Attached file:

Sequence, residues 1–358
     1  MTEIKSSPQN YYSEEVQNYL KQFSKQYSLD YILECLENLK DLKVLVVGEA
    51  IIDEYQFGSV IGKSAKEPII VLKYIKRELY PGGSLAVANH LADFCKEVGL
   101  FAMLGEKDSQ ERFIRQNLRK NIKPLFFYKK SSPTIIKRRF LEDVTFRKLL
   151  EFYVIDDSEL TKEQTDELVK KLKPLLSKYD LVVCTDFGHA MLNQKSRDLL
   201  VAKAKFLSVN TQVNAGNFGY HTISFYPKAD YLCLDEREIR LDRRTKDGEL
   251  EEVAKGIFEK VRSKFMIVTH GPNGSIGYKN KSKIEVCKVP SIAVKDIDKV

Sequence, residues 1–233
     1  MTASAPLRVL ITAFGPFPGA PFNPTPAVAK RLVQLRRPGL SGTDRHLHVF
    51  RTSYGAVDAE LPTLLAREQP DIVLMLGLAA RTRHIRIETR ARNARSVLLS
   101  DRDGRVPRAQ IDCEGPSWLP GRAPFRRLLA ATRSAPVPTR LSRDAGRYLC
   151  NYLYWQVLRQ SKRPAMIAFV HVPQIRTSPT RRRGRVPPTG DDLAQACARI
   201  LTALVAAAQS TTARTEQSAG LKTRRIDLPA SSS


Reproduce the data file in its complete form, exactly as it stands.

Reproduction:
Sequence, residues 1–358
     1  MTEIKSSPQN YYSEEVQNYL KQFSKQYSLD YILECLENLK DLKVLVVGEA
    51  IIDEYQFGSV IGKSAKEPII VLKYIKRELY PGGSLAVANH LADFCKEVGL
   101  FAMLGEKDSQ ERFIRQNLRK NIKPLFFYKK SSPTIIKRRF LEDVTFRKLL
   151  EFYVIDDSEL TKEQTDELVK KLKPLLSKYD LVVCTDFGHA MLNQKSRDLL
   201  VAKAKFLSVN TQVNAGNFGY HTISFYPKAD YLCLDEREIR LDRRTKDGEL
   251  EEVAKGIFEK VRSKFMIVTH GPNGSIGYKN KSKIEVCKVP SIAVKDIDKV

Sequence, residues 1–233
     1  MTASAPLRVL ITAFGPFPGA PFNPTPAVAK RLVQLRRPGL SGTDRHLHVF
    51  RTSYGAVDAE LPTLLAREQP DIVLMLGLAA RTRHIRIETR ARNARSVLLS
   101  DRDGRVPRAQ IDCEGPSWLP GRAPFRRLLA ATRSAPVPTR LSRDAGRYLC
   151  NYLYWQVLRQ SKRPAMIAFV HVPQIRTSPT RRRGRVPPTG DDLAQACARI
   201  LTALVAAAQS TTARTEQSAG LKTRRIDLPA SSS